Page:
In the small coastal town of Kiama, Australia, Kye Adams and the Project AIRSHIP team are testing a non-invasive alternative to shark nets. Their blimp-mounted camera system aims to provide adequate warning to beach users when sharks or other hazards are present in the water.
How would you explain your connection to the ocean and sharks?
My father has always loved the ocean, so much so that my name comes from the Hawaiian word for it: Kye, which means salt water. So it was almost inevitable that I would share the same connection. To me, the ocean is the last remaining wilderness. One of my favourite feelings is being out in deep water, where you can’t see the bottom, and being aware of that sense of the unknown. It makes me feel really small – and it’s good to be reminded of that. Sharks add to that feeling; without sharks the ocean becomes just a big swimming pool, it loses its attraction. Wild animals make the world more interesting. It’s great to feel powerless sometimes and to be reminded that we are not in complete control. I think a lot of people are chasing that feeling when they enter the ocean. As soon as you step off the sand, you’re entering a wilderness area, even if that beach is in a city.
How did you come up with the blimp concept?
As professional lifeguards, we spend a lot of time staring at the sea and although we sit in towers that are elevated, sometimes we feel that they are not elevated enough to get a complete view of the ocean. Surf Beach is a small coastal embayment that, with a headland at each end, feels quite enclosed. This makes it an ideal spot for running the programme because you have both headlands and you can spot any activity between them from the sky. Obviously, people have considered drones as a solution to this, but they have the downside of a short battery life. For the purpose of providing beach and ocean coverage for eight hours, drones aren’t the most effective solution. So the blimp idea came from me watching old documentaries about the First and Second world wars, when blimps were used for surveillance.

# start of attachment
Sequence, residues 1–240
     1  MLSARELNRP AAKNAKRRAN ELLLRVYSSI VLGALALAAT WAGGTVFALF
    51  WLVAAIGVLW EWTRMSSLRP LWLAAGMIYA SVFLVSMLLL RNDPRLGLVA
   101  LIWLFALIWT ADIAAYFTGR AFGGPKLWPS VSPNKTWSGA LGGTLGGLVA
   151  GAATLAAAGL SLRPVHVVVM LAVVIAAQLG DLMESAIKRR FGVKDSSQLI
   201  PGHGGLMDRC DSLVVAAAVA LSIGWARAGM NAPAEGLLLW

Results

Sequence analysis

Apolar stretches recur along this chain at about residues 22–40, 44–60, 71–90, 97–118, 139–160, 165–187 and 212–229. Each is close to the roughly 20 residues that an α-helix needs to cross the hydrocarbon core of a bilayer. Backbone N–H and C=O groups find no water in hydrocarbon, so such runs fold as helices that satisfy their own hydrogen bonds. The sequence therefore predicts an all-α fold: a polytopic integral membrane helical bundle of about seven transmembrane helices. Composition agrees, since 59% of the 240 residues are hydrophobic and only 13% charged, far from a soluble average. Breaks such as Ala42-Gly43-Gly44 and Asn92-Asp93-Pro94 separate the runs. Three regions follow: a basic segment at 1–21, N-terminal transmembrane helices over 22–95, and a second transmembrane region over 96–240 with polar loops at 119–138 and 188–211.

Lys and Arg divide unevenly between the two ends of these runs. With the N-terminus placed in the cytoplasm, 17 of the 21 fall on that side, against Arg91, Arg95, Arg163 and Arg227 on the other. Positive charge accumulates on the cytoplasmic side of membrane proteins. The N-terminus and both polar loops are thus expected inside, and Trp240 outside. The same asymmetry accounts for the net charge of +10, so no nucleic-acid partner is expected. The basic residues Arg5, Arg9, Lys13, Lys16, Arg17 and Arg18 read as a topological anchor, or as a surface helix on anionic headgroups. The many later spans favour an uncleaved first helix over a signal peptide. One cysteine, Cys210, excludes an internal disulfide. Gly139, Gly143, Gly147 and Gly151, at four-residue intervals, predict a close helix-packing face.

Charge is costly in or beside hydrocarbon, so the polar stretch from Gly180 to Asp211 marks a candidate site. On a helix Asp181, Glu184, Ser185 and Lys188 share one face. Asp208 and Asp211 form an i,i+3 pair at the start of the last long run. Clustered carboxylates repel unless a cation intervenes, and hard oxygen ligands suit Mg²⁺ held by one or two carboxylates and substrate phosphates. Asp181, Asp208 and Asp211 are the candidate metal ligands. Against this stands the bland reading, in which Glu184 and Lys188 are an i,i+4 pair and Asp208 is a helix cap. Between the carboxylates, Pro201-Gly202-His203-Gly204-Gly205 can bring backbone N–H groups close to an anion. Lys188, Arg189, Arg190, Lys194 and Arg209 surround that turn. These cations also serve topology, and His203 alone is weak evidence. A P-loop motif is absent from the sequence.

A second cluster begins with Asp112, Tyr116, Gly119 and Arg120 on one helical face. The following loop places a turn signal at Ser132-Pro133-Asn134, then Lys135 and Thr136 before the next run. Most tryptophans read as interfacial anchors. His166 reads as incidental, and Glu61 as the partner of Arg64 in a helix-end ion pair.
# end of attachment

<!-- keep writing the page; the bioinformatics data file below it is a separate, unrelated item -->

I thought that perhaps they could work in our situation. The more I researched how they operate and what can be done with them, the more boxes they ticked.
I’m also hoping that with the project AIRSHIP blimp we can replicate that feeling of safety that shark nets give the public, but not have the downside of by-catch and unnecessary shark deaths. My end goal is to replace the shark nets with blimps.
Your job means that you work with recreational ocean-goers every day. How would you describe the public’s attitude towards sharks?
Kiama is a summer destination for both local and international tourists and a lot of them don’t have much understanding of the ocean and sharks. Among the locals and the surfers, though, there is more respect for the ocean, and they understand it better too. They also realise that sharks are a necessary part of the environment. It’s different with tourists. For example, mothers will often come and ask if it is safe for their children to enter the water. Once we’ve explained about the blimp and tell them that we haven’t seen anything that day, then usually they’ll go in, but only into the shallows. So sharks are definitely on their minds.
A social scientist has got involved in the project this summer and she will be conducting surveys, so we’ll get a good idea of what people think about sharks and their attitude to the blimp and shark nets and the other strategies that are being used. We’re looking forward to the data that will come from that.
In the small coastal town of Kiama in New South Wales, Australia, gill nets that catch and drown sharks are the primary method for protecting water-users. Kye is looking into a more sustainable solution: a blimp that spots animals from the air.